By Natasha Alley
Special to the Pioneer
Williston High School students from Mrs. April Palmer’s 4th and 7th period Law Studies classes will take on roles in a mock trial, which will take place on April 27 in the Williston High School auditorium 4th through 7th period.
The defense team consists of Nick Sanchez, Kate Barber, Bryce Moore, and Mathew Coram. The prosecution team consists of Shawn Todd, Nikole Brown, Katie Casperson, and Jolene Crews. They will face off in the case of Walker vs. Brewster. Scott Walker will be portrayed by Tim Berrios, and Tanya Brewster will be portrayed by Tabitha Crosby.
The synopsis of the case is as follows: On Dec. 4, 2003, five-year old Jesse Walker (played by Garrett Nance) was shot in his home by his 13–year old brother, T.J. Walker (played by Karran Doehki). Scott Walker (played by Tim Berrios) went to a friend’s house to return a drill and felt the T.J was old enough to watch the kids for a few minutes.
While Scott was away, T.J showed Jesse a gun he stole from an unlocked toolbox from his mom's (Tanya Brewster) house. As Jesse tried to pull the gun from T.J’s hands, a shot was fired, hitting Jesse. Because of this, Jesse is now permanently paralyzed.
The gun in question was registered to Carl Newhouse (played by Mark Wiggin), Tanya's live-in boyfriend. As a result, Jesse will now require specialized medical care for the rest of his life.
Mr. Walker filed a lawsuit against Ms. Brewster on Jan. 7, 2004 for all medical expenses, future expenses, and the loss of Jesse’s companionship. Though Scott had remarried and Jesse was a child from his second marriage, Ms. Brewster had sole custody of T.J., and Scott blames her for negligent storage of a weapon and lack of child supervision.
Students in key roles were interviewed concerning their involvement with the case and their overall experience with the mock trial.
What is your role in the trail?
ST: I am one of a four-man prosecution team.
NS: I’m a defense attorney protecting my client, Tanya Brewster (Tabitha Crosby)
TB: I’m a witness for the prosecution and I’m suing Tanya Brewster for my son Jesse’s medical expenses.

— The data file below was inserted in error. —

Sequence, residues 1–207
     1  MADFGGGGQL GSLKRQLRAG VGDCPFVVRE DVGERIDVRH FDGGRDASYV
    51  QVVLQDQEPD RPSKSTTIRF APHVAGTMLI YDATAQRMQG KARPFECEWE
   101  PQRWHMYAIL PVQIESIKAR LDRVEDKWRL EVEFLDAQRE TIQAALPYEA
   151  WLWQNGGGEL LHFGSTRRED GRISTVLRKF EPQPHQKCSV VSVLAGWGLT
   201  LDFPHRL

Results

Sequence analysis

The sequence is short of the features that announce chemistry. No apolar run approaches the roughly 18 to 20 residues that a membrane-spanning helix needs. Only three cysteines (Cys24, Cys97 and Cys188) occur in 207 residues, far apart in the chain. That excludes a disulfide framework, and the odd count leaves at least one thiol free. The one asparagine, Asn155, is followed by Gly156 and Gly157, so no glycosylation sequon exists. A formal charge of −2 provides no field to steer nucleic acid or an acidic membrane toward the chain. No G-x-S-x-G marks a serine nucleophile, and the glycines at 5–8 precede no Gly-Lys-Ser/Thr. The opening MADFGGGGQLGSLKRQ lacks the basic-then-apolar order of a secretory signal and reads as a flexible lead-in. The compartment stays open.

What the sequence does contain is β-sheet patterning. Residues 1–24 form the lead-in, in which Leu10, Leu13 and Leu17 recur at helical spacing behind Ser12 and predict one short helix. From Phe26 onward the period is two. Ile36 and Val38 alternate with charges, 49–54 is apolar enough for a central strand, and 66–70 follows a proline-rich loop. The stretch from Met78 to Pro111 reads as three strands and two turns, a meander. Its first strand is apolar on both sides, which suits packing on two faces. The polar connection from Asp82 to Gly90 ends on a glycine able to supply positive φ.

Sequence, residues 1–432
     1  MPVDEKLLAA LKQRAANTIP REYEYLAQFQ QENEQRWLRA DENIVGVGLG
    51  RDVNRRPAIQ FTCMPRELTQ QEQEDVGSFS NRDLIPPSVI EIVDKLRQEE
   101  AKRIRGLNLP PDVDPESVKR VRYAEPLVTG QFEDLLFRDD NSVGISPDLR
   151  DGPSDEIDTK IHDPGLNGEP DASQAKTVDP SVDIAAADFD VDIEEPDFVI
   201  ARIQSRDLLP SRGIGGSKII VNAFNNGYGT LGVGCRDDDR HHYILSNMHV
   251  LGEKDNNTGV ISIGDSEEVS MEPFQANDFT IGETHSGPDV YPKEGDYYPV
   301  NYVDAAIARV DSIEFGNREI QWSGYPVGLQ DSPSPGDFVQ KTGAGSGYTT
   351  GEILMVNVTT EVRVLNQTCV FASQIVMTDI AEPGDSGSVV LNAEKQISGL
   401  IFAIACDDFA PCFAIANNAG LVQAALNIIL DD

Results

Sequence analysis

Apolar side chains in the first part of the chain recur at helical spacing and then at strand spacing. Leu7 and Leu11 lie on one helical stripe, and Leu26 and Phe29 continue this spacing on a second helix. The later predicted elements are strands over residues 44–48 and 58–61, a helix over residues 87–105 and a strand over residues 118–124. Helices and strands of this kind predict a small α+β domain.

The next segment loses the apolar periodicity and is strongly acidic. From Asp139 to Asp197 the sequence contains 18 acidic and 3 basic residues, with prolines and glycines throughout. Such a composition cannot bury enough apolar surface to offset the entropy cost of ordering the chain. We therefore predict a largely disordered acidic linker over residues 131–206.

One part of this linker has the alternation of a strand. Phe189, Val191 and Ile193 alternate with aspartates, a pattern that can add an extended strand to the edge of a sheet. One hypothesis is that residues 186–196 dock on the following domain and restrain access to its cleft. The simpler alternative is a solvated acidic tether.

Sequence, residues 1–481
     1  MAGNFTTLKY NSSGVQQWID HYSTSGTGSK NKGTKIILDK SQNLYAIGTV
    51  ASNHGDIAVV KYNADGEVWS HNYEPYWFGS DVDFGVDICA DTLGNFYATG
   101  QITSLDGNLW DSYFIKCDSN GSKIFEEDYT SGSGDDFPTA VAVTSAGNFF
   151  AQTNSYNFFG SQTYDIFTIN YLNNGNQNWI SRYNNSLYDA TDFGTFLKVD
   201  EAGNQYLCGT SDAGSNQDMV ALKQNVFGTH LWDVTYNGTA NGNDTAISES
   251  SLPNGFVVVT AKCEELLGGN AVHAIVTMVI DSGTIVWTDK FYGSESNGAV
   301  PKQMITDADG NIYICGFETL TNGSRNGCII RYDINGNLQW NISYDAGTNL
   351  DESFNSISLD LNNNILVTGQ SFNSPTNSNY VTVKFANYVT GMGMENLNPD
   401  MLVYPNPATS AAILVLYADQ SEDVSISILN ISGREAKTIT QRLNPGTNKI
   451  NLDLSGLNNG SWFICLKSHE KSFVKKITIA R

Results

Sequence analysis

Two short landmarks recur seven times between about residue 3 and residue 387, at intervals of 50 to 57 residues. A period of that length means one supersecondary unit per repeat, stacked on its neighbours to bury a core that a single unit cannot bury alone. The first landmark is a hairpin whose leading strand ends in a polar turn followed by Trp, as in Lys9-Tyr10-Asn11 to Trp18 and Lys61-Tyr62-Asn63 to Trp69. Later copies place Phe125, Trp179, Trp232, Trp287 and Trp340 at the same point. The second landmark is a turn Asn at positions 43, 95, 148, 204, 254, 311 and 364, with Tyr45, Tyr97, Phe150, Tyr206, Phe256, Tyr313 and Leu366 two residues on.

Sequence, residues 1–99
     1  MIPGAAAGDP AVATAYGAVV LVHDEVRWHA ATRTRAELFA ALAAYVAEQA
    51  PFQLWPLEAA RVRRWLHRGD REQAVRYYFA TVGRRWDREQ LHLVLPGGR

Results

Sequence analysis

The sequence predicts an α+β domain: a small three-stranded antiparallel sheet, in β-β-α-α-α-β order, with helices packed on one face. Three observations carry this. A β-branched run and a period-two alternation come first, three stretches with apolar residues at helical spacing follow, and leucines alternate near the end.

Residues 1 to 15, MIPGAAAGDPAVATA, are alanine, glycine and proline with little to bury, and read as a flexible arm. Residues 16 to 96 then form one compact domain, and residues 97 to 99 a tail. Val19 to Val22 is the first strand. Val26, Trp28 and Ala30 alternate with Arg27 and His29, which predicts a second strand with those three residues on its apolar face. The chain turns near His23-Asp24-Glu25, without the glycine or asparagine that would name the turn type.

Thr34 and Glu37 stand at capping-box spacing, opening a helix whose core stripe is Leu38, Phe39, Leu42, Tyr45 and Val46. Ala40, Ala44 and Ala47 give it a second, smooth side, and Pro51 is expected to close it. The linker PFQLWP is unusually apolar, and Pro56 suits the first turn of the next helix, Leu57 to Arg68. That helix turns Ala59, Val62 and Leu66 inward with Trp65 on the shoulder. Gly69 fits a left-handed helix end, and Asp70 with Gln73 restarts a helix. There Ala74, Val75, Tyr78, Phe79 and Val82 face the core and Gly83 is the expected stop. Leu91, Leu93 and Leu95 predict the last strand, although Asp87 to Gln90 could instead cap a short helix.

TC: My role is “Tanya” , mother of the young boy who shot his step brother.How important is your role in winning the case?
ST: We're a crucial part of the case. We represent Scott, so without us, there wouldn’t be a case.
NS: Very important. I defend the client against the prosecution team, who is trying to make the jury believe my client is guilty.
TB: Very important, because if I cannot convince the jury that Jesse’s shooting was only Tanya’s fault, then I will be responsible for my team losing the case.
TC: I’m a very important witness. Tanya has more trustworthy evidence than the other witnesses. Overall, what do you think of the trial process?
ST: I feel it’s a good experience for students and a learning opportunity. Overall, it’s a lot of fun.
NS: It’s a very good thing for people pursuing a career in law, and a great learning experience for the future.
TB: It is a good idea because you can have a little experience going into the law field.
TC: I enjoy it a lot. It’s giving me a new perspective on the court system. I wish we could do more of these. Sure it takes a lot of planning and studying, but all in all, it’s a new experience.
As a student in the class, but not taking part in the trial, I feel the experience of it is unlike any other. You’re able to get a perspective of how the court system operates, and the preparation process the attorneys need to go through. I feel this is an excellent class to take if you’re pursuing a career in law.